8. Nnaji, J. C, Madu, E. S, and Chukwuemeka-Okorie, H. O, (2017). Polycyclic Aromatic Hydrocarbons (PAHs) Content in Cattle Hides and Meat Singed with Scrap Rubber Tyres. J. Appl. Sci. Environ. Manage. October 2017 Vol. 21 (6) 1105-1110.
9. Obodoechi, L. O, Ofomata, I. B, Obidike, R. I, and Nwanta, J. A. (2019). Presence and levels of concentration of polycyclic aromatic hydrocarbons (PAHS) in smoked fish, hides and skin of slaughter cattle and goats in Awka urban, Nigeria. Int J Curr Pharm Res, Vol 11, Issue 2, 14-17.
10. Ofomata I. B., Nwankwo I. O., Ogugua A. J., Ezenduka E. V., Nwanta J. A., Obidike R. I. (2020). Detection of polycyclic aromatic hydrocarbons in hide and skin of slaughtered cattle and goats in Anambra State, Nigeria. Journal of Food Quality and Hazards Control. 7: 119-127.
11. Okiei, M., Ogunlesi M., Alabi, F., Osiughwu, B and A. Sojinrin, A. (2009). Determination of toxic metal concentrations in flame treated meat products, ponmo African Journal of Biochemistry Research. 3 (10), 332-339.
12. Olatunji, O. S., Fatoki, O. S., Opeolu, B. O., & Ximba, B. J. (2014). Determination of polycyclic aromatic hydrocarbons [PAHs] in processed meat products using gas chromatography–Flame ionization detector. Food Chemistry, 156, 296–300.
13. Osu Charles Ikenna and Asuoha, Adaku Nnenna (2012). Identification And Quantitative Analysis Of Carcinogenic PAH Components In Four Different Species Of Traditionally Smoked Fish Purchased In Port-Harcourt Metropolis, Rivers State, Nigeria. Journal of Applied Sciences in Environmental Sanitation, 7 (3): 215-219.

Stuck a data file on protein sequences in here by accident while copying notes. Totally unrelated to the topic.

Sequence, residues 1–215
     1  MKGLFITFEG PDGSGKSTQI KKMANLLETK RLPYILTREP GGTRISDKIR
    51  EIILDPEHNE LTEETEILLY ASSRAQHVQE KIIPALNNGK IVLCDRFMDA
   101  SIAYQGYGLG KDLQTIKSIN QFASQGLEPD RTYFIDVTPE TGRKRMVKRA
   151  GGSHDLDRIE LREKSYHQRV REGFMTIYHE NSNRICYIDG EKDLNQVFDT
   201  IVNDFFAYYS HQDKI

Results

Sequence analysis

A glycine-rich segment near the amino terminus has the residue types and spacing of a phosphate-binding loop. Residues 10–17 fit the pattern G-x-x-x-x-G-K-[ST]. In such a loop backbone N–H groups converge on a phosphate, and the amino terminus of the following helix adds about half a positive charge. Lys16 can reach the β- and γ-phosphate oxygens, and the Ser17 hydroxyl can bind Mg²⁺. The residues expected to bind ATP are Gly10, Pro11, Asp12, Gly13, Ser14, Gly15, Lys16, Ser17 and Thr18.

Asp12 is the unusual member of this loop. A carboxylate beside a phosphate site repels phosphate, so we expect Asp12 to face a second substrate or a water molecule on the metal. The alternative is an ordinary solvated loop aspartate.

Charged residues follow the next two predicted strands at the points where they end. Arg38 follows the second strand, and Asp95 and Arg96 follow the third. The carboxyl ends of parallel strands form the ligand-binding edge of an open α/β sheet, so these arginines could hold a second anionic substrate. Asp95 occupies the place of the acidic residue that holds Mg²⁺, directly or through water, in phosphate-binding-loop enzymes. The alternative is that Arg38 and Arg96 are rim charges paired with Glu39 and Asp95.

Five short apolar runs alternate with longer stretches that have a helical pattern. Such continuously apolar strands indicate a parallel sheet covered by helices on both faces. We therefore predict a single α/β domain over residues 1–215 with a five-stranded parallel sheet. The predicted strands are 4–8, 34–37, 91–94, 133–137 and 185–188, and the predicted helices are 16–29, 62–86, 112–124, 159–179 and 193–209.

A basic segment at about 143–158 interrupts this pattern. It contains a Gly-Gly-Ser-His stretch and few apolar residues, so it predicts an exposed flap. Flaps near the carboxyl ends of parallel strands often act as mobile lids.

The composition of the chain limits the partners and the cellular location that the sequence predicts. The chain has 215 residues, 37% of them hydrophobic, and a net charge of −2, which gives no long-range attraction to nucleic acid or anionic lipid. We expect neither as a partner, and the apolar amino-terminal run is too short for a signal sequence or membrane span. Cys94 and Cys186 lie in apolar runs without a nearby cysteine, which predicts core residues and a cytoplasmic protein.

14. Osu Charles I.; E. C. Ogoko And Emeziem D. (2014). Metal Species, Mobility And Bioavailability In An Oil Impacted Soil From Ikoku And Alaoji Automobile Spare Parts Markets, Niger-Delta Nigeria. American Academic & Scholarly Research Journal. 6 (3); 1-12.
15. Otumfuor, (2013). Toxicological and public health implications of the use of scrap rubber tires for smoking meat in developing countries. Proceedings of the African Society for Toxicological Sciences Conference in Conjunction with the 2013 Society of Toxicology Meeting, March 2013, San Antonio, Texas.
16. Oyekunle, J. A. O, Yussuf, N. A, Durodola, S. S, Adekunle, A. S, Adenuga, A. A, Ayinuola, O, Ogunfowokan, A. O, (2019). Determination of polycyclic aromatic hydrocarbons and potentially toxic metals in commonly consumed beef sausage roll products in Nigeria. Heliyon 5 (2019) e02345.